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Prison Inmates in Thailand Fight Foreigners for Their Freedom

6 minute read

Moo doesn’t seem like someone with 23 years of a 24-year sentence left to serve. His career as a driver for a drugs gang ended when he was nabbed piloting a carload of yaba, a methamphetamine derivative that translates literally as “crazy drug.” Now the 22-year-old spends 13 hours each day with four other men confined along to a 1.5 x 3.5 meter cell. “I made a big mistake,” says Moo. “And I’ve paid the price for what I did.”

Yet Moo is remarkably upbeat when we meet him in Bangkok’s high security Klong Prem Prison, notoriously dubbed the “Bangkok Hilton” by overseas residents. His levity is due in part to a unique quirk in the Thai correctional system that allows inmates to use their pugilistic potency to shave years off their sentence. “From now on I only want to do things that can enhance my life such as using my boxing skills,” Moo says.

Muay Thai (Thai kickboxing) tournaments have been a fixture of prison regimes in the Southeast Asian nation for centuries. The tradition of holding bouts behind bars started in 1767 when the Burmese took thousands of Thai soldiers prisoner after the downfall of Thailand’s then capital Ayutthaya. While incarcerated, the best Thai boxers were coerced into fighting Burmese combat experts. The ultimate champion, as legend tells it, was a Thai named Nai Khanomtom, who was granted his freedom after besting one of the Burmese monarch’s top fighters.

This ancient tradition of favoring prisoners skilled in the ring is alive and well in Klong Prem and other Thai prisons. But while inmates fight literally for their freedom, international Muay Thai fighters from around the world are now flocking to enjoy a truly unique experience, as well as earn peerless bragging rights.

“It was a special feeling to test my Muay Thai skills out in a Thai prison,” says Alexei Vignol, a 20-year-old from Lyon in France who was narrowly beaten in Klong Prem recently. “I guess you could say that it is intimidating to fight criminals inside a high security facility, but if you get scared by that then you shouldn’t be a boxer.”

The incorporation of foreigners has been spearheaded by an independent organization named Prison Fight. Billing itself as a charity, Prison Fight provides sport equipment, modest financial rewards — inmates’ winnings are squirrelled away in a prison account and used to provide for their families — and, most importantly, offers the successful a realistic chance at getting their sentences reduced.

“We do this to give the fighters an experience and also to give something back to the country,” adds Kiril Sokur, the Estonian businessman behind the Prison Fight enterprise. “Giving these guys [the prisoners] the opportunity to prove their talents is important. They may be criminals but they are also human beings so staging the fights is good karma for us.”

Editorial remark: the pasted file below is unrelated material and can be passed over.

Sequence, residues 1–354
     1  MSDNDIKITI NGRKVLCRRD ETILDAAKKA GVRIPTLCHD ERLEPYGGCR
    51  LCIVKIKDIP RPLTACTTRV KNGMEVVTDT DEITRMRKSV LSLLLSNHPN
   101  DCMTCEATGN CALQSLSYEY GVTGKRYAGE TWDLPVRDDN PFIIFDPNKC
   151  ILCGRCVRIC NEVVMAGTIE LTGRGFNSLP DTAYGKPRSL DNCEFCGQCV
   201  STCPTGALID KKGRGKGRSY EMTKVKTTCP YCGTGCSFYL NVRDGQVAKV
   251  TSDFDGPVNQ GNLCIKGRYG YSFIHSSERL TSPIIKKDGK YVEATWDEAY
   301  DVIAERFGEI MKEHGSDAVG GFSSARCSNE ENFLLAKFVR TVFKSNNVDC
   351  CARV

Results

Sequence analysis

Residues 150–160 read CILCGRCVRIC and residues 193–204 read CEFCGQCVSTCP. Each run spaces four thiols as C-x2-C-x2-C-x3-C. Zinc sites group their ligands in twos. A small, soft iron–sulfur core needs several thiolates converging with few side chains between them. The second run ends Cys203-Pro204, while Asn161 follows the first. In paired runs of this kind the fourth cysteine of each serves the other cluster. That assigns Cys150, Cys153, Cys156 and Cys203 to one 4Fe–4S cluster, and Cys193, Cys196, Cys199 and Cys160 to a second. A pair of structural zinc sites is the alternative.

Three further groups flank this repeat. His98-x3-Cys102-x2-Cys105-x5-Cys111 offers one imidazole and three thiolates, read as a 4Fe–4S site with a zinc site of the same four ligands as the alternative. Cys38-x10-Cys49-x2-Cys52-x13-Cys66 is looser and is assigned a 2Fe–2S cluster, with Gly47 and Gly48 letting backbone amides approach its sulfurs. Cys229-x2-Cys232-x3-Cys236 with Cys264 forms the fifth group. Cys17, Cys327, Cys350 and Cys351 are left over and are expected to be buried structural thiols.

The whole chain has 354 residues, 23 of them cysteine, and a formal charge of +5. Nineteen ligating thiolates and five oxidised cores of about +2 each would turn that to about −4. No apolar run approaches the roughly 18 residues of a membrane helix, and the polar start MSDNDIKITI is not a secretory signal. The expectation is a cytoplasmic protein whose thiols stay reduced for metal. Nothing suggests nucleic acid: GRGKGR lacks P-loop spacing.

During a recent visit to Klong Prem, we encountered an atmosphere that was surprisingly convivial. As training took place in the ring set up in the prison yard, prisoners clowned around with each other, shadow boxing and dishing out playful clouts. One wiry, grinning inmate with intricate tattoos covering his entire torso, was a particularly energetic presence. “That’s Chui,” said Nikki. “He’s a hitman.”

Section 5 is for Klong Prem’s lifers. It is also the unofficial Muay Thai wing of the prison. Criminals with previous boxing experience like Moo and his cellmates are placed here upon entering Klong Prem. Guards, meanwhile, scout out candidates from other wings for a possible transfer. A long, wide central corridor that separates the cells is used for twice-daily hour-long running sessions. A boxing ring and rudimentary training equipment dominates the outside yard.

We find Moo with his cellmate Pod at the side of the ring. The friends are regarded as two of the best fighters in Klong Prem and both were little troubled by their foreign opponents at the Prison Fight event.

“I wouldn’t say it was easy,” says Moo. “Muay Thai is in our blood though. We understand the techniques and we understand the mentality.”

“It helps us focus our minds,” adds Pod, 35, who collected debts in Bangkok’s infamous Nana Plaza red-light district and has served eight years of a life sentence for murder. “Life here is really boring. The days are long and always the same. Boxing provides distraction and there’s also the chance of getting your time shortened if you become a champion.”

Despite the historical context, granting convicted felons parole for sporting prowess is still controversial. Healthy distraction in the prison yard is one thing, but why should convicted drug runners and murderers earn their freedom with their fists?

“Muay Thai fighters command a lot of respect in Thailand,” says Surawuth Rungrueng, the guard responsible for encouraging the development of boxing in Klong Prem. “It encourages discipline and focus, which is something that that these guys lost somewhere on the outside.”

Sentence reduction is not automatic and if a prisoner behaves badly he won’t be put forward, no matter how skilled he is. “But if a prisoner shows real commitment to improving himself then we are willing to offer incentives,” says Surawuth

Needless to say, the prisoners seize the opportunity. Moo and Pod, relaxed a few minutes ago, burn with intensity inside the ring — hooded eyes fixed, they rain vicious kicks and punches upon the body padding that protects their sparring partners. Chui, the grinning hitman, is also a blur of ferocious movement next door.

“Most of them will be here until their hair grows grey,” admits Surawuth. “The respect Muay Thai affords them is one of the things they can hold onto.” And a little hope never hurt anyone.

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